I must say that in those applauding speeches that we have had, the Government can rely upon the support of the noble Lord, Lord Marsh. I am sorry that he is not in the Chamber. He made quite a number of constructive points, and as everyone knows he knows more roads to Damascus than any other practical politician today. Nevertheless, he is our own beloved Vicar of Bray. The fact is we are examining whether or not this Budget will reduce unemployment; and other Budgets and other White Papers are nothing to look at: because every time we have had a Budget or a White Paper from this Tory Government the result has been a considerable increase in unemployment.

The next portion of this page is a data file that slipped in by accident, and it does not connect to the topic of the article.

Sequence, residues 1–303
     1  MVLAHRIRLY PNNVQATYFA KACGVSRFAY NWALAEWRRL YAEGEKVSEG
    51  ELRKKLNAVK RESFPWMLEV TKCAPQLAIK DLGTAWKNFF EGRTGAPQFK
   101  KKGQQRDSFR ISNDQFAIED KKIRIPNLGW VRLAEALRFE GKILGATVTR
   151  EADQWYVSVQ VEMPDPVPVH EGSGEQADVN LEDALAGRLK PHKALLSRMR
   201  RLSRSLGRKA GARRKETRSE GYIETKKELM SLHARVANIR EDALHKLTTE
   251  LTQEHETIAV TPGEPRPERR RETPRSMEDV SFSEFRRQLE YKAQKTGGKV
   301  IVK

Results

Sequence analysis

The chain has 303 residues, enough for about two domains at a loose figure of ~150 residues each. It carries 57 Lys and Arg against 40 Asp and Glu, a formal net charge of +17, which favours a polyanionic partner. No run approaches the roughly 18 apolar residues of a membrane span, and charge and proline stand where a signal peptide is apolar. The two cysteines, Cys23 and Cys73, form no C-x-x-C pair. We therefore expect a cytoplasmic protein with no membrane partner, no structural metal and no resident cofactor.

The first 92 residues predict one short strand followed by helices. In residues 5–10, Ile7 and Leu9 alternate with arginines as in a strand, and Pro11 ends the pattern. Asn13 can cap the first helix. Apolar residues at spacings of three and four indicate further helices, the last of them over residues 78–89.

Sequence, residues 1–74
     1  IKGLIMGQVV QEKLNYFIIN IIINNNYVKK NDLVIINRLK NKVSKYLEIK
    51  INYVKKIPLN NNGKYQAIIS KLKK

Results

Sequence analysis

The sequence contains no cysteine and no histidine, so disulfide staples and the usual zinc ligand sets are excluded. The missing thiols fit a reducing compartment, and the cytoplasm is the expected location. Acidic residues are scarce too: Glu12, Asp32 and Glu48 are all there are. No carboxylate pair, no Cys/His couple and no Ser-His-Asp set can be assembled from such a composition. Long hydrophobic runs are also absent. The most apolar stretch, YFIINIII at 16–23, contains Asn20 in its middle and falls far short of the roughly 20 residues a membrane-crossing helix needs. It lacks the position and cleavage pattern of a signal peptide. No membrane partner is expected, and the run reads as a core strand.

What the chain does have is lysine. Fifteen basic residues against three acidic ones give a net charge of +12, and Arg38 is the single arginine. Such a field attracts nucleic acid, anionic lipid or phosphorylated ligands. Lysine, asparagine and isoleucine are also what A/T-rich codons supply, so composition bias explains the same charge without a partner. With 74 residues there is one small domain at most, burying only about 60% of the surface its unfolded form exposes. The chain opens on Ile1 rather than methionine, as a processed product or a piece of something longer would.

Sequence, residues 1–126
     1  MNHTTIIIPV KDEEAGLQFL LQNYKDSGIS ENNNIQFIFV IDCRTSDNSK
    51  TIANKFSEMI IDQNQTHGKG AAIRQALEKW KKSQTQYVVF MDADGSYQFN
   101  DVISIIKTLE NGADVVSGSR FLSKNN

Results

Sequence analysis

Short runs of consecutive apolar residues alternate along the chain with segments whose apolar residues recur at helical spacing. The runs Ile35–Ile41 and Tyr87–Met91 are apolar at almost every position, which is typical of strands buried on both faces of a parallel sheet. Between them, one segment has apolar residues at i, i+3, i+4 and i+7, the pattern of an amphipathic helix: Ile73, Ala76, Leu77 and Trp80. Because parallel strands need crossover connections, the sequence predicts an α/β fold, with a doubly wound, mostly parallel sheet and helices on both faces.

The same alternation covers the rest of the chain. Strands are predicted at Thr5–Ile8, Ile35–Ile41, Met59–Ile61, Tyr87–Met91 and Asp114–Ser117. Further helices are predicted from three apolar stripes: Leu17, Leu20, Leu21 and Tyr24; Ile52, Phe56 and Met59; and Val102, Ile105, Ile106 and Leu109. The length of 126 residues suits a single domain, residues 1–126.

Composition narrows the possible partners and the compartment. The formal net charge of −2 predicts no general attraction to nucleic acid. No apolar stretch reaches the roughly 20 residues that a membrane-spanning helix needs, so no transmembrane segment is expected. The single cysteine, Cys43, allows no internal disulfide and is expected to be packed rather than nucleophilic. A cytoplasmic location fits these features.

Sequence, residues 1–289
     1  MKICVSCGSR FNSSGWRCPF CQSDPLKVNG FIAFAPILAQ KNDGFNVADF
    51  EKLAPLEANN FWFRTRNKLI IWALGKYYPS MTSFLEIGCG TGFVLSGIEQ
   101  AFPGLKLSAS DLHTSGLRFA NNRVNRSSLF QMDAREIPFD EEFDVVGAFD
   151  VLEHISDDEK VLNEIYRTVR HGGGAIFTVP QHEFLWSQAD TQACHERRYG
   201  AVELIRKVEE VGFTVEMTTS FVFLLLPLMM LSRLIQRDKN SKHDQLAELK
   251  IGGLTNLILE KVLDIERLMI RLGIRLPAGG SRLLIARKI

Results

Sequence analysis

I am bound to say that I should like, at least because of my natural Socialist confelicity, to congratulate the Chancellor of the Exchequer because he has relented at least with the changes in capital allowances on scientific and short-life investment goods. I think that that is a good thing. The changes particularly in national insurance, in the contributions from employers and from employees are also a good thing but it should have been done earlier. And we have got to remember that the Chancellor belongs to the party which put up all these charges by no less than 50 per cent. in 1979—in what was, perhaps, one of the contributory factors to unemployment. The Chancellor in his (as it is called) "Budget for jobs"—and I am terribly frightened of that phrase, coming from any Tory—has told us, quite genuinely, I believe, that he feels deeply the scourge of unemployment and the agonies of the unemployed. Yet we have had all this agony, we have had all this pain from previous Conservative Ministers and nothing really has happened except that unemployment has gone up; so that we have had to look sometimes very carefully at what they have been saying in other places.